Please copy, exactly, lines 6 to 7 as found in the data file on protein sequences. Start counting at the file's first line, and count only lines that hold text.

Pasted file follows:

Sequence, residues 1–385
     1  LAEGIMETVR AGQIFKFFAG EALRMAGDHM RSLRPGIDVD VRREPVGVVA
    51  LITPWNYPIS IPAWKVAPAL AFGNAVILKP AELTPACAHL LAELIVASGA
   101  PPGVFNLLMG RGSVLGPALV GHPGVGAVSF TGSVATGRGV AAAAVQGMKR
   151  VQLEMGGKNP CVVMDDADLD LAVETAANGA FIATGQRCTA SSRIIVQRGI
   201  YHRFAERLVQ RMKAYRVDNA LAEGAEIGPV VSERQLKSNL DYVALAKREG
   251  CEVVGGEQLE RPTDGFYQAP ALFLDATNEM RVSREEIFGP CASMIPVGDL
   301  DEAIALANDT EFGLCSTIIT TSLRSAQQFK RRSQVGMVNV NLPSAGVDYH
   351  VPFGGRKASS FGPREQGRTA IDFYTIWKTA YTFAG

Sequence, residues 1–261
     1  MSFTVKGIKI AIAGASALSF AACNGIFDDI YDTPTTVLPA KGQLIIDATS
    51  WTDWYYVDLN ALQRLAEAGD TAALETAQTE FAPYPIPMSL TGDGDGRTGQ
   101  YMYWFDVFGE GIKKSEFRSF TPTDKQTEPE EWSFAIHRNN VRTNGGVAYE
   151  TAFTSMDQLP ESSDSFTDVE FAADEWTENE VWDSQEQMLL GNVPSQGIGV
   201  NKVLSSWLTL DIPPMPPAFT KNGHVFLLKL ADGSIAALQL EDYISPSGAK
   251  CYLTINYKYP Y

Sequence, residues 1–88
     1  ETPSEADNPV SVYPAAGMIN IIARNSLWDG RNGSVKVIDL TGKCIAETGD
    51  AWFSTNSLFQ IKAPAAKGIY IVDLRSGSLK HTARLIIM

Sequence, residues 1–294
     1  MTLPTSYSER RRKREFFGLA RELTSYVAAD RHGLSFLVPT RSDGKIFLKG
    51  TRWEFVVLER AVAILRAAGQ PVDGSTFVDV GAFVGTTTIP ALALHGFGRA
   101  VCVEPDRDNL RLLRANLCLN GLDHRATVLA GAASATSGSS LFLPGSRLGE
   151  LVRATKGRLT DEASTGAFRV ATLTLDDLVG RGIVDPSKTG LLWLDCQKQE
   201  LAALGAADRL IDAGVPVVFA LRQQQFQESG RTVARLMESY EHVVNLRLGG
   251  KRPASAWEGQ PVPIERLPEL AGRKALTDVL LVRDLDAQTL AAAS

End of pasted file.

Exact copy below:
   201  YHRFAERLVQ RMKAYRVDNA LAEGAEIGPV VSERQLKSNL DYVALAKREG
   251  CEVVGGEQLE RPTDGFYQAP ALFLDATNEM RVSREEIFGP CASMIPVGDL